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When Ryan Crouser steps into the shot put ring at Drake Stadium, you can expect a big performance.

  On Saturday at the Drake Blue Oval Showcase Presented by Mediacom, he even outdid himself.

 The 2016 Olympic gold medalist produced the greatest throw series in the history of the shot put and broke his own stadium record, topping 22 meters (73-0.75) on all six of his attempts. His best of 22.72 meters (74-6.5) broke the Drake Stadium record of 22.62 meters (74-2.25) he set at the USA Outdoor Championships last year.

  Crouser is the only thrower in the world who has topped 22 meters this year and he now has the top 14 throws worldwide, including 10 at Drake in the last five days. He won the Delta Dental of Iowa shot put at the stadium on Tuesday with a best throw of 22.56 meters (74-0.25).

  A four-time NCAA champion at Texas, Crouser has won the last two Drake Relays shot put competitions and captured one of his three USA Outdoor titles at Drake last year.

  "I was really, really happy with it," Crouser said. "I wanted that big one, 23 meters, it felt like it was there, but all I can really do is set myself up as best I can and just try to let it happen the day of. I felt like I did that really well. The consistency I had out there showed that. So I was really, really happy with the consistency and the execution. It just didn't quite connect on that big throw. But any time you're consistent like that you kind of know it's there."

 Spearheaded by Blake Boldon, the Franklin P. Johnson Director of the Drake Relays, the Blue Oval Showcase Presented by Mediacom was the first major track and field event on U.S. soil since Drake hosted the USA Championships July 25-28, 2019. The meet brought nearly 80 athletes from 10 countries to the Blue Oval, a field that included 20 Olympians and eight Olympic medalists.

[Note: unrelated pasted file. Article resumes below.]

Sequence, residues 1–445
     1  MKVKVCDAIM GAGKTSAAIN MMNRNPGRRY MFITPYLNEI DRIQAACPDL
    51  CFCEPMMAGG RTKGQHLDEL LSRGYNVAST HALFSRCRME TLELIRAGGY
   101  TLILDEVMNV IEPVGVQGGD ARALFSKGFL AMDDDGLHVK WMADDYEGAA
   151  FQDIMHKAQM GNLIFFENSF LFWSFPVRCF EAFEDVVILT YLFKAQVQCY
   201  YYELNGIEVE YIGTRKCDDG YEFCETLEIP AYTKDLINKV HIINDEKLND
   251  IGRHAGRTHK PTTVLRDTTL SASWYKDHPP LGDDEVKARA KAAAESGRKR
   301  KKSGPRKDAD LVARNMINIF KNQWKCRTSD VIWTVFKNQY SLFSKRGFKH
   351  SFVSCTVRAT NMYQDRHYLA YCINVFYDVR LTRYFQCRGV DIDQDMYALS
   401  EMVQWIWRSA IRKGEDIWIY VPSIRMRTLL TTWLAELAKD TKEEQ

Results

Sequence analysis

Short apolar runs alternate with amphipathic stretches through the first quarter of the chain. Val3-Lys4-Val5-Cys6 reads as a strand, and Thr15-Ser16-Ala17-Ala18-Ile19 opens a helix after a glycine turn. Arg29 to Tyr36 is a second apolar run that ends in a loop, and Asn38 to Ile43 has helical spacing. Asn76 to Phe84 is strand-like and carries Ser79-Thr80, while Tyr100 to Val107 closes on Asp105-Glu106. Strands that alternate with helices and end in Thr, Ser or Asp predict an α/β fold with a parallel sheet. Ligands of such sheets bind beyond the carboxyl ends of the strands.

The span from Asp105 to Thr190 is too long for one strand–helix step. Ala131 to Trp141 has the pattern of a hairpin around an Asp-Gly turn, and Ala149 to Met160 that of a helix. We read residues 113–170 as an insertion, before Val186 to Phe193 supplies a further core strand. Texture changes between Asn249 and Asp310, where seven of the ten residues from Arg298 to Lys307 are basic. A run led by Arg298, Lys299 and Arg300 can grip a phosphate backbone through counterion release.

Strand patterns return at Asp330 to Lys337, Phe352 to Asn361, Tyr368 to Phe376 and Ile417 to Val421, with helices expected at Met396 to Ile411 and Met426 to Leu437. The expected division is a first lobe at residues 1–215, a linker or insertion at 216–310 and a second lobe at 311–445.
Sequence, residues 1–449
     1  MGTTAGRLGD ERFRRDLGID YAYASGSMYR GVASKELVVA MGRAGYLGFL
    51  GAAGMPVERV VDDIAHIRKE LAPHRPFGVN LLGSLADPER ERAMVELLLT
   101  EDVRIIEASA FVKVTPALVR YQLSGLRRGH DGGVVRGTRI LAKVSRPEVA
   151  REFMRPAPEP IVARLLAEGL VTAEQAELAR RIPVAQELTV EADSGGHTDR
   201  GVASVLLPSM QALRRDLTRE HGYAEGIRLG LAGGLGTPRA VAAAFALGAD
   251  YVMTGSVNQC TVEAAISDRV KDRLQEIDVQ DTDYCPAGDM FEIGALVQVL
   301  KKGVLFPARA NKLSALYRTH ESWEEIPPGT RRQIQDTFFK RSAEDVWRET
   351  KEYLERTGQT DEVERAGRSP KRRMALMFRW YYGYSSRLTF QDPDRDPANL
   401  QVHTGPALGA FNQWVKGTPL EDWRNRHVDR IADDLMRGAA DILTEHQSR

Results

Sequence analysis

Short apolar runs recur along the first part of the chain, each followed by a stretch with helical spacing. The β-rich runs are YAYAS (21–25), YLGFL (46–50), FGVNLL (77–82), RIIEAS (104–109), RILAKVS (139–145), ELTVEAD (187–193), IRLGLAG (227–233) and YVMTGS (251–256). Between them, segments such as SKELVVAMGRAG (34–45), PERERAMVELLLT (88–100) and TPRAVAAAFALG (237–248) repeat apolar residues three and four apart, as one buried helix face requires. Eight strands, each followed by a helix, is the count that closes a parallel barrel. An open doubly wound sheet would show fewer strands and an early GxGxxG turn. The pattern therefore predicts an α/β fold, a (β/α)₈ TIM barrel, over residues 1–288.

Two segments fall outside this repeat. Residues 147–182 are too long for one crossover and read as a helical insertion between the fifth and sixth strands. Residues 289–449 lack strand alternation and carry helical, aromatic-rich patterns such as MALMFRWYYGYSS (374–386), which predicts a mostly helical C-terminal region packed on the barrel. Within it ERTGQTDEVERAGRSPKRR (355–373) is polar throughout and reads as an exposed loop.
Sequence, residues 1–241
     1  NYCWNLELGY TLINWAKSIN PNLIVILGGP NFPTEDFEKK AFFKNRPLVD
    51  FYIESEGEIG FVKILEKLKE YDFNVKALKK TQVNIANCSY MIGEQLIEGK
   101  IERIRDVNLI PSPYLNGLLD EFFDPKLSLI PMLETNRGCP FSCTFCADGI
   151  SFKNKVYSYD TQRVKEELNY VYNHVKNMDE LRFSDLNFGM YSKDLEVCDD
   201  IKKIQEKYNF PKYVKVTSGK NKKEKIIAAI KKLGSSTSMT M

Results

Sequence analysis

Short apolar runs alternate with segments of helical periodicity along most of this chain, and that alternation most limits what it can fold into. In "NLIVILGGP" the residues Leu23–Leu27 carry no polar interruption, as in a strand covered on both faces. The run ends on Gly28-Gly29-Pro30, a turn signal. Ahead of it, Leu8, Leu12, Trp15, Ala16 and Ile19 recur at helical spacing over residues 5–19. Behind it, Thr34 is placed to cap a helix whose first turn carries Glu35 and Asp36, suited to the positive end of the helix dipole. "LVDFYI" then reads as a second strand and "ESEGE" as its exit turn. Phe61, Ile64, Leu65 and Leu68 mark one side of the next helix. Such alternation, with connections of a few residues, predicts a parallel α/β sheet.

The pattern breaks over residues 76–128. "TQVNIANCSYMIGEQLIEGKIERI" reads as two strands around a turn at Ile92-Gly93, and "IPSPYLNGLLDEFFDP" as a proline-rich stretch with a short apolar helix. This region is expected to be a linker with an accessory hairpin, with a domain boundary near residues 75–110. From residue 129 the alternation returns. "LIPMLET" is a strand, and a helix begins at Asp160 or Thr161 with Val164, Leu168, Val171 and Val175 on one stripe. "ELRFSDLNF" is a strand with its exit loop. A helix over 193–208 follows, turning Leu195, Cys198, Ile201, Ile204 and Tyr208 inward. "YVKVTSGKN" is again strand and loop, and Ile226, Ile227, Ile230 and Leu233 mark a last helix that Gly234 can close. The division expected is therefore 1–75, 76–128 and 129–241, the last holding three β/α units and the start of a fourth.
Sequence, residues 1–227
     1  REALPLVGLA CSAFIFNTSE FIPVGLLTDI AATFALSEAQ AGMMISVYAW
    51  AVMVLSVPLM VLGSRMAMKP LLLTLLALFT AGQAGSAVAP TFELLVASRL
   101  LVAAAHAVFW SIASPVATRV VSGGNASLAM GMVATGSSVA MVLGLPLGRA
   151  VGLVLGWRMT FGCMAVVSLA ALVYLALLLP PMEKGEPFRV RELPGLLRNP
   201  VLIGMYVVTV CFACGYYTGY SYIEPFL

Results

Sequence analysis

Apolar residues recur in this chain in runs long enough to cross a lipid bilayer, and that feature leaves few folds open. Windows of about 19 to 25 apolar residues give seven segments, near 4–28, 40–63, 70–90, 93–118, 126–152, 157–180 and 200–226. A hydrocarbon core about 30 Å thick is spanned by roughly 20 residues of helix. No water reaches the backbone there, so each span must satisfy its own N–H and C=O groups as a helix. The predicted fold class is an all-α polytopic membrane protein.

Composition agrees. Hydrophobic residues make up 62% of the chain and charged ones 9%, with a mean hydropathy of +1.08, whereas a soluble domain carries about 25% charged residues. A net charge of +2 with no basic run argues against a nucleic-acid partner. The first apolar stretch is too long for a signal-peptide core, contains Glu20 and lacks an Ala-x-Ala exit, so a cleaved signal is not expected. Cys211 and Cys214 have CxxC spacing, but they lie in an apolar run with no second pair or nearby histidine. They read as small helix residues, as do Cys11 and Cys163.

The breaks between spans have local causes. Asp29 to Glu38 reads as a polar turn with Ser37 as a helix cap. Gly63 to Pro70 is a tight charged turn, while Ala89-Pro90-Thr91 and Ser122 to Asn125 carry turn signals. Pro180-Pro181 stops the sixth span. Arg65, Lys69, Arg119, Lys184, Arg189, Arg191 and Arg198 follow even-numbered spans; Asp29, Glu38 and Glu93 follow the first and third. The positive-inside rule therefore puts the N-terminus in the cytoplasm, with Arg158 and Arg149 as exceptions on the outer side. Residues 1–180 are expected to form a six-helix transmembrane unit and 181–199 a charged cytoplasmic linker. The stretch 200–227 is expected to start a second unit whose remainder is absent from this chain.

Crouser was the Performer of the Meet among the men, compiling 1,284 points. Lynna Irby earned that honor among the women with 1,183 points after winning the 200m in 22.52 seconds, beating a talented field that included Shaunae Miller-Uibo, the world leader this year and the 2016 Olympic gold medalist in the 400. Miller-Uibo, from the Bahamas, pulled up 70 meters into the race and did not finish.

 Those Performance of the Meet honors were worth an additional $1,500. Event winners received $3,000 in all but the men's 200m, women's 100m and women's long jump. Those winners received $1,500.

  The meet featured many athletes familiar to Drake Relays fans and those who watched the USA Championships at Drake each of the last two years.

 Sandi Morris, the American record holder and a four-time Relays champion, cleared 15-3 (4.65m) to win the women's pole vault. Morris actually needed only one jump to win it. She passed until the bar reached 14-11 (4.55m) and cleared that on her first try. No one else cleared that height.

Tiffany Porter, a two-time Relays champ and two-time Olympian from Great Britain, won the women's 100 hurdles in 12.90 seconds, matching the No. 10 time in the world this year. Runner-up Megan Tapper's 12.96 moved her up one spot to 14th on the world list.

 Michael Dickson, one year removed from his senior year at North Carolina A&T, edged four-time USA champion Devon Allen in the 110 hurdles, their times carried out to the thousands of a second to determine the winner. Dickson was timed in 13.532, a season best for him. Allen ran 13.538.

Josephus Lyles, whose older brother Noah is the reigning world champion in 200m, showed off his 200 speed, winning in 20.32. Up and coming sensation Justin Robinson, just three months out of high school, was second in 20.67, a lifetime best.

 Other winners were Kayla White in the women's 100, 11.18 seconds; Jeff Demps in the men's 100, 10.09, and Jordan Gray in the women's long jump, 20-2 2.5 (6.16m).

  The meet opened with the USATF men's and women's road mile championships, which started in the heart of the Drake campus and finished with 500 meters on the Blue Oval. Sam Prakel pulled ahead with 50 meters to go to win the men's race in 3:58.3, the second fastest time in the event's history. Emily Lapari made her move with about 200 meters to go to win the women's race for the second time in three years, finishing in 4:29.30.


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